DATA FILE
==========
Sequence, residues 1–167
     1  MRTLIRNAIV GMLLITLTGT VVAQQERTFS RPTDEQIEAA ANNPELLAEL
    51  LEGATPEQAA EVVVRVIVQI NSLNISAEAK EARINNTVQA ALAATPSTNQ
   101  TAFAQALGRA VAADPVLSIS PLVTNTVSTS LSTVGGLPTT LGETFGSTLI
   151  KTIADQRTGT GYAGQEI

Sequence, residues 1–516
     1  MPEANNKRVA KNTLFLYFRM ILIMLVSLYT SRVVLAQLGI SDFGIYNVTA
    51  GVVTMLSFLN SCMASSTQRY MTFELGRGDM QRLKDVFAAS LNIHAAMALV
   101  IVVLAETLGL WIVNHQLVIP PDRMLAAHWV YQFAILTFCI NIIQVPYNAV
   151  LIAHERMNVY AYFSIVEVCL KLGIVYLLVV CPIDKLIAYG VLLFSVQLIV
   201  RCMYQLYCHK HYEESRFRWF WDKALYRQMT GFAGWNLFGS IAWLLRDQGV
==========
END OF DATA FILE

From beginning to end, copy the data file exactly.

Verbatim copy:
Sequence, residues 1–167
     1  MRTLIRNAIV GMLLITLTGT VVAQQERTFS RPTDEQIEAA ANNPELLAEL
    51  LEGATPEQAA EVVVRVIVQI NSLNISAEAK EARINNTVQA ALAATPSTNQ
   101  TAFAQALGRA VAADPVLSIS PLVTNTVSTS LSTVGGLPTT LGETFGSTLI
   151  KTIADQRTGT GYAGQEI

Sequence, residues 1–516
     1  MPEANNKRVA KNTLFLYFRM ILIMLVSLYT SRVVLAQLGI SDFGIYNVTA
    51  GVVTMLSFLN SCMASSTQRY MTFELGRGDM QRLKDVFAAS LNIHAAMALV
   101  IVVLAETLGL WIVNHQLVIP PDRMLAAHWV YQFAILTFCI NIIQVPYNAV
   151  LIAHERMNVY AYFSIVEVCL KLGIVYLLVV CPIDKLIAYG VLLFSVQLIV
   201  RCMYQLYCHK HYEESRFRWF WDKALYRQMT GFAGWNLFGS IAWLLRDQGV